What a Commercial Airline Pilot Does
For many, becoming a commercial airline pilot is a dream career. In terms of jobs one can take as a pilot, working for a commercial airline and transporting passengers is an ideal role, offering free travel, a chance to see the world, and excellent pay.
Who would enjoy a career in Commercial Aviation?
The career is best-suited for healthy people who enjoy flying and have a well-rounded education, as a great deal of knowledge regarding physics, weather patterns, mechanics, geography, and cultural awareness is needed.
Who mightn't like the career?
Commercial airline pilots spend a great deal of time away from home, so the career is not a good choice for those who aren’t comfortable living out of a suitcase most of the time.
Commercial airline pilots are needed all over the globe, but these positions are highly-coveted and competition is fierce. There are many ways to become a commercial airline pilot, but all require that the candidate be in good health. Pilots must obtain a private license first and then work towards a commercial license.
The process is extensive and requires demonstration of practical knowledge through ground school as well as flight time- 1,500 hours of logged flight time in the UK or US, 150-200 in Australia, and 200 in Canada.
The least expensive way to begin is to join the military and train free, but this obviously comes with other implications and time commitments. Some airlines offer an apprenticeship program and will train well-qualified candidates, typically those with four-year degrees in aeronautics, aviation, physics, or a similar area. Universities refer to these programs by different names even though coursework may be the same or similar (for example, Bachelor of Aeronautical Engineering).
The final alternative is to pay for private specialized schooling. The quality of schooling and cost varies greatly, but one can expect to pay a minimum of USD$15,000,with some schools exceeding $75,000.
Before interviewing with an airline, it’s important to take time to review common interview questions and to be aware that airlines may try to step up candidates by putting them in a situation where they must go against captain by reporting alcohol, refusing to fly on low fuel, or by questioning calculations.
Moving into Commercial Aviation from another career
Those hoping to enter the field should be prepared to work as a pilot in a related field until a position with an airline becomes available, be it for agricultural, cargo transport, corporate, emergency medical, or other needs.
Relief Pilot (Second Officer or Third Officer)
Role: New pilots are generally given the title of Second Officer (SO), though a select few airlines still use the incoming rank of Third Officer (TO), and some will offer up a junior First Officer (FO) rank. Relief pilots are on board to cover rest breaks for the captain and first officer, but they are generally only permitted to assume the controls mid-flight. They do not handle takeoff or landing. Some airlines also give them other duties, such as supporting the crew.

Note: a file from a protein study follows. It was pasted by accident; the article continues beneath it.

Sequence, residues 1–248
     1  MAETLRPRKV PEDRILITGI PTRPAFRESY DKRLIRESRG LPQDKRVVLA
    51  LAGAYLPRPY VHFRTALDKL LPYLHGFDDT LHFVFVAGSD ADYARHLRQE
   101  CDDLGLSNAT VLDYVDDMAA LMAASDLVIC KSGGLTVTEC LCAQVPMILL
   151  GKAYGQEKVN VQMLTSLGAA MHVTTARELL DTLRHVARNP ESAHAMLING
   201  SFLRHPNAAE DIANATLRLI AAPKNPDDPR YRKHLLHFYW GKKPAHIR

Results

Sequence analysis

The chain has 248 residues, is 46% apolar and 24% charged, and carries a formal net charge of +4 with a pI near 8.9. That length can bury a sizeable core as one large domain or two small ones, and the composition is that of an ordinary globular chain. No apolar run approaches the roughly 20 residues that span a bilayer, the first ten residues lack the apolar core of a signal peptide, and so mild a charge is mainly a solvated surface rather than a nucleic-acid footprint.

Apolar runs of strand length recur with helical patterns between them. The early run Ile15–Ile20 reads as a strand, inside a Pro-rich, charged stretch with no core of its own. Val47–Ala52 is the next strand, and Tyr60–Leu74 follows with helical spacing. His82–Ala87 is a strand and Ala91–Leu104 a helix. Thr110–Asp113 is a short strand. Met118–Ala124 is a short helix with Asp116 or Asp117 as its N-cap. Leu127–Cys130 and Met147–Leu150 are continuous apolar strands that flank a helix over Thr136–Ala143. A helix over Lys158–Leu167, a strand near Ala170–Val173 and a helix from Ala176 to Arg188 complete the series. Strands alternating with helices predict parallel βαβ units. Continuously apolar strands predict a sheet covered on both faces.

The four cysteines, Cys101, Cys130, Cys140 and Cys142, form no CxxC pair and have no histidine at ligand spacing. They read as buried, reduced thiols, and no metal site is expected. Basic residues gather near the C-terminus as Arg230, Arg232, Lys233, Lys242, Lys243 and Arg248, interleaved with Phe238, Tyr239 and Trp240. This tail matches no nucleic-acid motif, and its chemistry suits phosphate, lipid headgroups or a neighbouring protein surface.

Co-Pilot (First Officer)
Role: It generally takes an SO about five years to move up the ranks to a First officer (FO), but the timing will vary. The first officer is considered the co-pilot and continues work under the captain’s direction. Depending on the airline and the length of the flight, the FO may relieve the captain, operate the radios, man the navigational computers, and assist with completing checklists.
Role: It generally takes a pilot 10-12 years to work his way up from an SO to a captain. The captain is responsible for everything on the plane, from overseeing the crew, to flying, monitoring, and completing checklists.
Although pilots can travel the world freely, pilot licenses do not work like driver’s licenses, in that they do not readily transfer from one country to the next. Therefore, the country that a person receives a license in should be the one he intends to work from. Most countries permit pilots to fly aircraft registered in their licensing country, and many countries offer a streamlined process for those hoping to obtain a private license, but commercial licenses often require study and testing within the country.
Relief Pilot: There are drastic differences in pay depending on which airline a pilot works for. Larger airlines pay considerably more, but overall, Payscale.com indicates that new pilots in America have a median salary of USD$51,000, while Canadians receive CAD$50,000, Australians have a median of AU$56,000, and those in the UK are listed at £40,000.
Co-Pilot: USD$69,000, CAD$53,000, AU$61,000, £58,000.
Captain: Captains with 20 or more years’ experience have median salaries of USD$127,000, CAD$80,000, AU$79,000, and £89,000, though some may earn twice this amount.
Some airlines offer pilots bonuses based on the company’s profits that year and most will offer extra allowances based on air time (time in the jump seat), as well as per diem pay to cover expenses while traveling for work. This generally amounts to 4-6 weeks of extra pay per year.
Why a Commercial Airline Pilot moves on
Regular medical tests are required in most jurisdictions. Sometimes they are performed as frequently as every six months. A new medical condition can ground a pilot, as can reaching a certain age, such as 60-65. Others leave the field because they need to be home more.